Does Parental Divorce Increase Risk Behaviors among 15/16 and 18/19 year-old Adolescents? A Study from Oslo, Norway
Henok Zeratsion 1, *, Cecilie B Bjertness 1, Lars Lien 2, Ole R Haavet 3, Madeleine Dalsklev 4, Jon A Halvorsen 5, Espen Bjertness 1, 6, Bjørgulf Claussen 1
Identifiers and Pagination:Year: 2014
First Page: 59
Last Page: 66
Publisher ID: CPEMH-10-59
Article History:Received Date: 26/2/2014
Revision Received Date: 28/5/2014
Acceptance Date: 2/6/2014
Electronic publication date: 13/6/2014
Collection year: 2014
open-access license: This is an open access article licensed under the terms of the Creative Commons Attribution Non-Commercial License (http://creativecommons.org/licenses/by-nc/3.0/) which permits unrestricted, non-commercial use, distribution and reproduction in any medium, provided the work is properly cited.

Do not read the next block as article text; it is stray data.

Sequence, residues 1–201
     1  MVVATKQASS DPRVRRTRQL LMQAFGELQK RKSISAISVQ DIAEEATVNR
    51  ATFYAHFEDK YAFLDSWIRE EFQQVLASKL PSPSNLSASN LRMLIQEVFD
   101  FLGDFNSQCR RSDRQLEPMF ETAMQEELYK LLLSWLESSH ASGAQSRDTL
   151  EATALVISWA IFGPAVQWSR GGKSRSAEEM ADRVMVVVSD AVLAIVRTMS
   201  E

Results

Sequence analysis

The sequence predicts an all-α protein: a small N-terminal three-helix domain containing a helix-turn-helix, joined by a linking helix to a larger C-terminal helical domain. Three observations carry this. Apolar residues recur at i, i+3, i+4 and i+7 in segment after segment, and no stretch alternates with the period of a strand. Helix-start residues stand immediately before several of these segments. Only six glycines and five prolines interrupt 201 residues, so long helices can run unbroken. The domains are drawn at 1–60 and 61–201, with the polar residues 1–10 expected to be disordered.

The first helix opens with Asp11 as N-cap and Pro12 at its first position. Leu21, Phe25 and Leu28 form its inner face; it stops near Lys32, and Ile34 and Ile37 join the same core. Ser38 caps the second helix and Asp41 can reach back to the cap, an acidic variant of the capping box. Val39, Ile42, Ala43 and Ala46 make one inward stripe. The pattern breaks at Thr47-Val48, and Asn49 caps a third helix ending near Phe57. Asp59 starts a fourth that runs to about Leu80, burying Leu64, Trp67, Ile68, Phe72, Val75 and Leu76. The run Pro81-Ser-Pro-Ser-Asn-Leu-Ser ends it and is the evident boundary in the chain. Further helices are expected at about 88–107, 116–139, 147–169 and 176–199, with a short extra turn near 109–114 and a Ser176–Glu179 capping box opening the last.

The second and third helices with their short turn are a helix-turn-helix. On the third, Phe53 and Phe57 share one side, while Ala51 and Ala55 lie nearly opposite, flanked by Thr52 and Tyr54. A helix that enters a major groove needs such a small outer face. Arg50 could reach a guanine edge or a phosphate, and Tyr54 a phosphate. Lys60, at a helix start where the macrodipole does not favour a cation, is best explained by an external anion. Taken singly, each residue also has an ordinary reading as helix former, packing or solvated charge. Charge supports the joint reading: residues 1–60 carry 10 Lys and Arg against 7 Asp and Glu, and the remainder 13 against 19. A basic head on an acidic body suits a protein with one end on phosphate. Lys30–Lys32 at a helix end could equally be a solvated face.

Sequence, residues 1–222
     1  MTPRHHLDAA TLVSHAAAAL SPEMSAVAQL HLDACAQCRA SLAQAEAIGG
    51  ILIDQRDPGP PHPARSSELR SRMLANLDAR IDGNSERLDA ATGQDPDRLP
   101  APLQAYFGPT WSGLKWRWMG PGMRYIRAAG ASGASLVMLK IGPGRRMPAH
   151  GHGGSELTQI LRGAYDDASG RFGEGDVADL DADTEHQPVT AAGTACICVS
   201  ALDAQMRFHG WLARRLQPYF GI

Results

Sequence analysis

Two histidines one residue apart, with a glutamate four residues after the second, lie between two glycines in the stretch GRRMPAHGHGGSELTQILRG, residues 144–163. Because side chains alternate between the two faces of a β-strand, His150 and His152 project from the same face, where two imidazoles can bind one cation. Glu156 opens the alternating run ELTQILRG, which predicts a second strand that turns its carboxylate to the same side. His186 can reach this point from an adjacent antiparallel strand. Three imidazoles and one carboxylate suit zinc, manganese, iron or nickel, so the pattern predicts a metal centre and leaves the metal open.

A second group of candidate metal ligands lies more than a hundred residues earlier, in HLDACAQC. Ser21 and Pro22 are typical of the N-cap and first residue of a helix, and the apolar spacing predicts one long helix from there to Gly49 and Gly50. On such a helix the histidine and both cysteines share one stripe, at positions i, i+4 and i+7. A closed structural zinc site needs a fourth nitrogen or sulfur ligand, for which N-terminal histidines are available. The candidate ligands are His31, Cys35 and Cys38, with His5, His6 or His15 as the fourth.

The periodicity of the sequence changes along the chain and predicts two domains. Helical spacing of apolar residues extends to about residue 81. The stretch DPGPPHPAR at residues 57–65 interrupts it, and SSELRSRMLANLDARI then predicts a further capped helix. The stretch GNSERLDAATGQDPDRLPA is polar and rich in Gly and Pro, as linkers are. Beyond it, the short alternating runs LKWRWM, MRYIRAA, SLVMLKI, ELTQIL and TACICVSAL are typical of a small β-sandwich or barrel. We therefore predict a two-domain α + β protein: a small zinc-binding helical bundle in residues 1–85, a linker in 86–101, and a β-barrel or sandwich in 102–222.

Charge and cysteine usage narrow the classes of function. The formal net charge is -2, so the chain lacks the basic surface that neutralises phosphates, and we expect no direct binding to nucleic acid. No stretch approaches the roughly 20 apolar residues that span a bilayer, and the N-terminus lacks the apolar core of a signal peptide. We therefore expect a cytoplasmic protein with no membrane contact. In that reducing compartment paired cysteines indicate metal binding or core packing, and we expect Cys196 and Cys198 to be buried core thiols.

Background: Several studies have reported an increase in risk behaviors among adolescents after experience of parental divorce. The aim of the study was to investigate whether parental divorce is associated with risk behavior among adolescents independent of mental health problems, first when early divorce was experienced, and second after experience of late parental divorce. Method: One prospective (n=1861) and one cross-sectional study (n=2422) were conducted using data from two Young-HUBRO surveys in Oslo, Norway. All 15/16 year-old 10th grade students who participated in the first survey in the school year 2000/01 were followed-up in 2004 when they were 18/19 year-olds. The follow-up rate was 68%. The prospective study investigated the influence of late parental divorce that occurred between the age of 15/16 and 18/19. In the cross-sectional study we focused on early parental divorce that occurred before the participants were 15/16 year-old. Results:In the prospective study we could not discern a significant association between experiencing late parental divorce and an increase in risk behaviors among 18/19 year-old adolescents. In the cross-sectional study parental divorce was significantly associated with cigarette smoking and using doping agents. Conclusion: Parental divorce that occurs when the children of divorced parents are 15/16 year-old or younger is associated with an increase in cigarette smoking and use of doping agents. However, no evidence of significant association is found between experience of late parental divorce and risk behaviors in late adolescence.